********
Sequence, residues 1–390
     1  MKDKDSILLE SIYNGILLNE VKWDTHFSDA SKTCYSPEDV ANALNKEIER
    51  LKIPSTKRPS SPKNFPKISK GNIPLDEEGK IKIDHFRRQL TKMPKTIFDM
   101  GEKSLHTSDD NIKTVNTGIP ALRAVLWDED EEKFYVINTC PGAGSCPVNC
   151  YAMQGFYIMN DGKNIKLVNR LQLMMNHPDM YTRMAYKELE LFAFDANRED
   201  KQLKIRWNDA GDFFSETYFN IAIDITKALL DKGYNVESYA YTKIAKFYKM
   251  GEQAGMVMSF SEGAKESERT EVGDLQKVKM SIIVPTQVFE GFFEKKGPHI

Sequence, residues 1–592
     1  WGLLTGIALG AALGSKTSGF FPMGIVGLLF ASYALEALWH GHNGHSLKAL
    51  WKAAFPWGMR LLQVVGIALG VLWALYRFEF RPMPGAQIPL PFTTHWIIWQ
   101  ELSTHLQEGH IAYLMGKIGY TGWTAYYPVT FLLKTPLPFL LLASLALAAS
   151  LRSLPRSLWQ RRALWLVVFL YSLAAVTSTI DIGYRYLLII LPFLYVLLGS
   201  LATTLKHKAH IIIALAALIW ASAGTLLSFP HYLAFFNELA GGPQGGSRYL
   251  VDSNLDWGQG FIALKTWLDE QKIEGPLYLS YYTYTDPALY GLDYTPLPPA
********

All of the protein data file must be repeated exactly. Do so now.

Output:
Sequence, residues 1–390
     1  MKDKDSILLE SIYNGILLNE VKWDTHFSDA SKTCYSPEDV ANALNKEIER
    51  LKIPSTKRPS SPKNFPKISK GNIPLDEEGK IKIDHFRRQL TKMPKTIFDM
   101  GEKSLHTSDD NIKTVNTGIP ALRAVLWDED EEKFYVINTC PGAGSCPVNC
   151  YAMQGFYIMN DGKNIKLVNR LQLMMNHPDM YTRMAYKELE LFAFDANRED
   201  KQLKIRWNDA GDFFSETYFN IAIDITKALL DKGYNVESYA YTKIAKFYKM
   251  GEQAGMVMSF SEGAKESERT EVGDLQKVKM SIIVPTQVFE GFFEKKGPHI

Sequence, residues 1–592
     1  WGLLTGIALG AALGSKTSGF FPMGIVGLLF ASYALEALWH GHNGHSLKAL
    51  WKAAFPWGMR LLQVVGIALG VLWALYRFEF RPMPGAQIPL PFTTHWIIWQ
   101  ELSTHLQEGH IAYLMGKIGY TGWTAYYPVT FLLKTPLPFL LLASLALAAS
   151  LRSLPRSLWQ RRALWLVVFL YSLAAVTSTI DIGYRYLLII LPFLYVLLGS
   201  LATTLKHKAH IIIALAALIW ASAGTLLSFP HYLAFFNELA GGPQGGSRYL
   251  VDSNLDWGQG FIALKTWLDE QKIEGPLYLS YYTYTDPALY GLDYTPLPPA